Bermuda grass is a warm-season grass that is known for its rapid growth and invasive nature. While it may be desirable in some lawns, it can quickly become a nuisance in others. If left unchecked, Bermuda grass can quickly take over a lawn, choking out other grasses and plants.
I’ve had my share of battles with the invasive weed. Fortunately, there are several methods for killing Bermuda grass, depending on the severity of the infestation and the desired outcome.
- Methods to Kill Bermuda Grass
- Understanding Bermuda Grass
- Tools and Materials Needed
- Chemical Control of Bermuda Grass
- Non-Chemical Control of Bermuda Grass
- Maintaining Bermuda Grass-Free Lawns
- Frequently Asked Questions
- Are There Bermuda Grass look Alikes?
Methods to Kill Bermuda Grass
When thinking about how to kill bermuda grass, it essentially comes down to two different methods.
Carboard – One method for killing Bermuda grass is to smother the root system with cardboard. This involves pulling up the heaviest growth by hand and removing as much of the grass as possible from the affected area.
Once the grass has been removed, cardboard can be placed over the remaining area to smother the root system. This method is effective for small patches of Bermuda grass, but may not be practical for larger areas.
Herbicide – Another method for killing Bermuda grass is to use a selective herbicide. There are several herbicides available that are specifically designed to target Bermuda grass while leaving other grasses unharmed.
These herbicides can be applied directly to the affected area, and will typically require multiple applications over a period of several weeks to completely eradicate the Bermuda grass. It is important to follow the manufacturer’s instructions carefully when using herbicides, as they can be harmful to humans and pets if not used properly.
Understanding Bermuda Grass
Bermuda grass is a warm-season grass that is commonly used in lawns and sports fields. It is known for its fast growth, durability, and tolerance to heat and drought. Bermuda grass is also very invasive and can quickly take over other grasses and plants in the area.
Why Bermuda Grass is Hard to Kill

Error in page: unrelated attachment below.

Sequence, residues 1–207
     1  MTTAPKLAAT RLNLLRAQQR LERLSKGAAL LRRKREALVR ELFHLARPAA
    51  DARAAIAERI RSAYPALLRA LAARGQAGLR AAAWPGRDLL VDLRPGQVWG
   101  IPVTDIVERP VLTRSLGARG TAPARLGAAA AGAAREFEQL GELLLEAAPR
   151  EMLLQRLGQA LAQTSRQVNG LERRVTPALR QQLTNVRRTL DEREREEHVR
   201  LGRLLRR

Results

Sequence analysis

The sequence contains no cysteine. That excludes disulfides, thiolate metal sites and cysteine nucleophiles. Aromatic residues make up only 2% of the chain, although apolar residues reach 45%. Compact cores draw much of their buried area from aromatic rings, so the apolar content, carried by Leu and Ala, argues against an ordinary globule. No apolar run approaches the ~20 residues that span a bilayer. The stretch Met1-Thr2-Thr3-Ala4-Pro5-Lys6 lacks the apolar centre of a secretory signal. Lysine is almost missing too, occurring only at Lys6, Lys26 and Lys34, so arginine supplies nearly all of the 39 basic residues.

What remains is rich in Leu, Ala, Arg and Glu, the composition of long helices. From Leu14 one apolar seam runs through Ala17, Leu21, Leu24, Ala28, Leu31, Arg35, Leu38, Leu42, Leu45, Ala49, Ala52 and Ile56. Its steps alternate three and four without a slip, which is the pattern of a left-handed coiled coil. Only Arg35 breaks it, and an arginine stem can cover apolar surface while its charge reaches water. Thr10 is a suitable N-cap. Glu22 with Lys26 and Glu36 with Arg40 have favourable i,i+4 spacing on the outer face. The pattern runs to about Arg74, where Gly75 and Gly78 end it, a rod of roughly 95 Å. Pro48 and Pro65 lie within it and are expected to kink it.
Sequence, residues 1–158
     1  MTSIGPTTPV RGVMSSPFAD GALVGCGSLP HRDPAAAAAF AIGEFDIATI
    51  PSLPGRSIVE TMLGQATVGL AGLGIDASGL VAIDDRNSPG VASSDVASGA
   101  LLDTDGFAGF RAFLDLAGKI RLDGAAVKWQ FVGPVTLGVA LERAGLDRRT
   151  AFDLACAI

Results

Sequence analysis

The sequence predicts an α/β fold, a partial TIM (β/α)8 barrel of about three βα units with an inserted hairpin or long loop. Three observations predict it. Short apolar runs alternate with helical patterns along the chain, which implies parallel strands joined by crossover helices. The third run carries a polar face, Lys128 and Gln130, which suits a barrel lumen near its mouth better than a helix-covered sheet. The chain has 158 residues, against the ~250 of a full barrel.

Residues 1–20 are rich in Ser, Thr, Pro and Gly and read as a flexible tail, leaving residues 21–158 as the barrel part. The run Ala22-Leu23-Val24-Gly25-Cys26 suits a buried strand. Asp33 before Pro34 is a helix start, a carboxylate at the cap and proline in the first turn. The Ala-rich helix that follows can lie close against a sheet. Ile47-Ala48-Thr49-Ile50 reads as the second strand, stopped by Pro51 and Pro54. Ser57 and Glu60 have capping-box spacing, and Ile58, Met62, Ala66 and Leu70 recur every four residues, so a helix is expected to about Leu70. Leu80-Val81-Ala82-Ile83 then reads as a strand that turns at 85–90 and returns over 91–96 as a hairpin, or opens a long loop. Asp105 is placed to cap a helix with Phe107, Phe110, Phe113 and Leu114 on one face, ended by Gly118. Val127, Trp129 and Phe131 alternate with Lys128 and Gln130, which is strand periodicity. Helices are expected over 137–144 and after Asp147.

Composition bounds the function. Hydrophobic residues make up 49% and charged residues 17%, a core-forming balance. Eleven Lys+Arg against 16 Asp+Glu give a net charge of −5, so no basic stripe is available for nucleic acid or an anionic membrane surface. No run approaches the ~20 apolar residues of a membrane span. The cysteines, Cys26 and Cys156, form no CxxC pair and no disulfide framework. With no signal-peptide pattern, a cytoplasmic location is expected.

Bermuda grass is difficult to kill because of its deep root system and ability to spread through stolons and rhizomes. This means that even if you remove the visible grass, the roots and underground stems can still survive and regrow.
Additionally, Bermuda grass is resistant to many herbicides, making it challenging to control. It is important to choose the right herbicide and apply it correctly to effectively kill Bermuda grass.
Another reason Bermuda grass is hard to kill is that it can go dormant during periods of stress, such as drought or extreme temperatures. During dormancy, the grass appears dead but can quickly regrow once conditions improve.
Overall, understanding the characteristics of Bermuda grass and its resilience is crucial in developing a successful plan to control and eliminate it from your lawn or garden.
Tools and Materials Needed
Getting rid of Bermuda grass requires specific tools and materials. Here are some of the things you will need:
1. Glyphosate Herbicide
Glyphosate herbicide is the most effective way to kill Bermuda grass. It is a systemic herbicide that works by killing the roots of the grass. You can buy a ready-to-use herbicide containing glyphosate, such as Roundup. Make sure to follow the manufacturer’s instructions when applying the herbicide.
2. Hand Trowel
A hand trowel is a small tool that is perfect for digging up small patches of Bermuda grass. It is also useful for removing any remaining roots after you have applied the herbicide.
3. Garden Gloves
Garden gloves will protect your hands from the herbicide and any sharp objects you may encounter while digging up the grass.
4. Landscaping Fabric
Landscaping fabric is useful for smothering Bermuda grass in garden beds. Cover the area with landscaping fabric for a period of six months to prevent the grass from growing back.
Cardboard can be used to smother the root system of Bermuda grass. Place the cardboard over the affected area and cover it with mulch. The cardboard will prevent the grass from getting sunlight, which will eventually kill it.